Present consumer to receive the same efficiency gain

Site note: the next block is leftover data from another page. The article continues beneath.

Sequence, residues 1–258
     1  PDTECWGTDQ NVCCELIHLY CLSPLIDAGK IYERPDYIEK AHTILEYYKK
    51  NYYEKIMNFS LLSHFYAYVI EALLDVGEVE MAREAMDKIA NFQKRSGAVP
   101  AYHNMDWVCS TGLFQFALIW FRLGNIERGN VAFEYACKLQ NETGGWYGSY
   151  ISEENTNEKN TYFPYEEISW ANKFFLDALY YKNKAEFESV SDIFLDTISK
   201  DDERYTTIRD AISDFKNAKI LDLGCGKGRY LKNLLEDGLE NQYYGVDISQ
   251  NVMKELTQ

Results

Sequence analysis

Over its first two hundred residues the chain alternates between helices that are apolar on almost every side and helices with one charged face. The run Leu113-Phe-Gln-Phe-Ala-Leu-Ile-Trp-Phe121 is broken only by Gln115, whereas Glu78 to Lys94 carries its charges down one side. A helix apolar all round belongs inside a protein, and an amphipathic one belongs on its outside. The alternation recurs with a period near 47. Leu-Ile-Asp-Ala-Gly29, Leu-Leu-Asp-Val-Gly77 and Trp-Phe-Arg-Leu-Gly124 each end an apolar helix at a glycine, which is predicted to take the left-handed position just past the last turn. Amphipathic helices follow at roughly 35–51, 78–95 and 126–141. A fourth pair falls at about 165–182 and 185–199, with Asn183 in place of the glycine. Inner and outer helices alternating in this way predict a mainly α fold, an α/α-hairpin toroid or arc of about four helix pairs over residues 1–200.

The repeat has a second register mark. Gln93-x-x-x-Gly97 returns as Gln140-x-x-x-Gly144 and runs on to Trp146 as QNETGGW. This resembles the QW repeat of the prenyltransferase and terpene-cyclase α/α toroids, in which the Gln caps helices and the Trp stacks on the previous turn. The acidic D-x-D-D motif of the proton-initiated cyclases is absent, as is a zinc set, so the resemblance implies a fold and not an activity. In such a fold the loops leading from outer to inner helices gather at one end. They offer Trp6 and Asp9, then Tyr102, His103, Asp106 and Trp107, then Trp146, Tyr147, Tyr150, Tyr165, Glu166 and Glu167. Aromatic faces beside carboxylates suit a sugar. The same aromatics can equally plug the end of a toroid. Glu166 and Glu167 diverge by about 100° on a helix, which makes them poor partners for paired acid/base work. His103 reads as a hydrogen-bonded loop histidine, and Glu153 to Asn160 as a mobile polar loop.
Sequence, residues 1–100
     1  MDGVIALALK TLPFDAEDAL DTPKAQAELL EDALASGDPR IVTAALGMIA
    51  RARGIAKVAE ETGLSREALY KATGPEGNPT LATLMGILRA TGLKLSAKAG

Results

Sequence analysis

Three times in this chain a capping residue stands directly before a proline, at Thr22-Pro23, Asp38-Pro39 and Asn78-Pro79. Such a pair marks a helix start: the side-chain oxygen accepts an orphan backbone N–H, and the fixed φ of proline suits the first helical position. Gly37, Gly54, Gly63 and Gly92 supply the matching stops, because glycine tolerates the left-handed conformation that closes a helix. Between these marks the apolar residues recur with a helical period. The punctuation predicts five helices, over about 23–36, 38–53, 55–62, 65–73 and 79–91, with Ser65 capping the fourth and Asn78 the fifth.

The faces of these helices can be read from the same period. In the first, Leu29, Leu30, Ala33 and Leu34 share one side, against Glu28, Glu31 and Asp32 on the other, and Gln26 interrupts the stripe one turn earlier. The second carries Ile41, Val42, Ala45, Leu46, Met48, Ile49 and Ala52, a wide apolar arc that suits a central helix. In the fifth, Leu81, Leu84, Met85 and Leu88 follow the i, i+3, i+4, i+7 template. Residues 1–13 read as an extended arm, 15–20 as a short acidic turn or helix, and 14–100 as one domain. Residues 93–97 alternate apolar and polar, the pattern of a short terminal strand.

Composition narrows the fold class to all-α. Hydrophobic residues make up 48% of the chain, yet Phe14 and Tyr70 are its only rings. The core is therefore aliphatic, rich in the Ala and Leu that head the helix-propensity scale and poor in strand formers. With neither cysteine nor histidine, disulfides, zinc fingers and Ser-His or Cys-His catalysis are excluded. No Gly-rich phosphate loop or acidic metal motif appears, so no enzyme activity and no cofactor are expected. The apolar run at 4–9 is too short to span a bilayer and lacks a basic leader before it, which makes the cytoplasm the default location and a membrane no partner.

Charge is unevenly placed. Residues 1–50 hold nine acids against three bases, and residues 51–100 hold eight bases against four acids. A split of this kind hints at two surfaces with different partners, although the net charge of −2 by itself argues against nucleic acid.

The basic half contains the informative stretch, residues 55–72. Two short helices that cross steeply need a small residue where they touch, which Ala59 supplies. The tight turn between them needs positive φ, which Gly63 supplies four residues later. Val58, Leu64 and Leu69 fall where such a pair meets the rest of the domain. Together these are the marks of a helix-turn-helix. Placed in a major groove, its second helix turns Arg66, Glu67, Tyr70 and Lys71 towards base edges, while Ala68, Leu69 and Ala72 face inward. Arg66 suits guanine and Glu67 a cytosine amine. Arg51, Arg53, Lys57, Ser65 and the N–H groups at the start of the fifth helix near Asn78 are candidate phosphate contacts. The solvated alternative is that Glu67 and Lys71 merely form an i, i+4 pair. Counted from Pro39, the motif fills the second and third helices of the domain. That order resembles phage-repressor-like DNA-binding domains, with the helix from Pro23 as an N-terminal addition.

Present Technology The current technology of a solar panel is limited. There are three types of solar panels. Noticeably, as they advance their efficiency rate appears to go decline. Two of the most efficient types of solar panels can be exemplified in the photograph below along with thin-film solar panels:  -Efficiency Rates of Each Panel: – Monocrystalline: 15-20%  Polycrystalline: 13-16% Thin-Film: 9-11% -Differences Between the Panels- Between the crystalline panels, the photo below gives a brief description of the appearance, but it does not explain why they are constructed the way they are.  The efficiency is mostly based on the purity of the silicon. For the MONOCRYSTALLINE solar panels, the silicon is purer than the silicon in the POLYCRYSTALLINE solar panels. With that said, the more selective the silicon is during the purification process, the more effective the silicon will be once placed into the panel itself. MONOCRYSTALLINE SOLAR PANELS Silicon is cylindrically shaped, aligned, cut into “wafers” and formed into an array to optimize the panel’s performance rate to produce energy. POLYCRYSTALLINE SOLAR PANELS Though less efficient energy wise, the manufacturing costs reduce for production because the silicon selection allows there to be less silicon wastes. This “waste” works just as well, but is instead melted and incorporated with the purer sources of silicon. THIN-FILM SOLAR PANELS The thin-film panels are made from Cadmium Telluride, Amorphous Silicon, Copper Indium Gallium Selenide, or Gallium Arsenide for their solar cells. All are varying in efficiency, but increasing in cost. Future Technology  Solar panels have a limit on when they can and cannot be used. For instance, crystalline solar panels are not as useful on cloudy days unlike thin-film panels. However, with that said, there are still flaws that come with those thin-film solar panels. Yes, they are flexible and convenient at times, but they require more space for the consumer to receive the same efficiency gain as they would from using a mono- or poly- crystalline panel. The plan for the future technology of solar panels is to increase their efficiency rate, but maintain the flexibility of thin-films and make them more cost effective. Using the thin-film as a “strive for” appearance, the more efficient version would also have to be more durable to decrease any need for replacements. In doing so, there would have to be improvements to the panels’ junction box and silicon wafers. The proposition for this solution, is the use of nanotechnology. More specifically, carbon nanotubes. Like the silicon wafers in the monocrystalline, carbon nanotubes are cylindrical, have silicon-based nanowires, and are even more cost effective. These wires are semiconductors and can produce solar cells. According to, the use of silicon nanowires, the solar cells will be able to produce electricity equivalently to fossil fuels. With the nanowires installed in the panels, they will still maintain its high efficiency rates and potentially more. The use of carbon nanotubes would help resolve the lack of maintaining solar energy that is faced now. This allows solar energy to be stored longer and be used when needed, like a battery. In fact, many batteries, such as lithium ion batteries, do use “nanoparticle-based electrodes” for electric cars. This can be seen as a positive example of nanotechnological uses and its contribution to alternative energy sources. In summation, the use of nanotechnology will make solar panels more cost effective. Solar panels are the cleanest of alternative sources and adding this element to its current technology can make it even greater. Silicon nanowires can be applied to the solar panels because they are light absorbers. They will act as if they were a battery. With the technology being so compact, the junction box that seals the silicon will decrease in size but will still be able to generate an equivalent amount of energy/ electricity. Storage for solar energy will become less of an issue and space for solar panels should gradually decline with the support of carbon nanotubes. History (Still Working On)  Before solar panels were made people used solar energy. Solar energy (energy using the sun’s rays) was used in 7 B.C. for survival tricks like lighting fires with glass objects. The Greeks and Romans started using solar energy to light torches, using mirrors, sometime in the 13th century B.C. The name for these mirrors were “burning mirrors”. When documentation became common, the Chinese documented mirrors for the same purposes. Solar energy was also used for “sunrooms”. A sunroom is a room in which humungous windows shine light in a certain area. They are still used today. Between the 1700s and 1800s, scientists used the sun’s energy to produce “solar-powered steamboats”. The invention of solar panels is still in the air since multiple scientists have been accredited for breakthroughs. Some people give the credit to a French scientist by the name of Edmond Becquerel. He made the “photovoltaic event” which explained “light could increase electricity generation when two metal electrodes were placed into a conducting solution” (  The actual production and functions of solar panels are in the timeline below: 1873: Willoughby Smith found photoconductive potential was present in the element selenium. 1876: Richard Evans Day and William Grylls Adams discovered selenium produces electricity when it is exposed to sunlight. This was thanks to the discovery from Willoughby Smith. 1883: Selenium-wafers were used in the first solar cells made by Charles Fritts. Historians accredit him for the actual creation of solar panels. 1954: The silicon photovoltaic cell is made at Bell Labs by Daryl Chapin, Calvin Fuller, and Gerald Pearson.  Since the solar panels of today are made with selenium, some believe they truly created the first solar panel.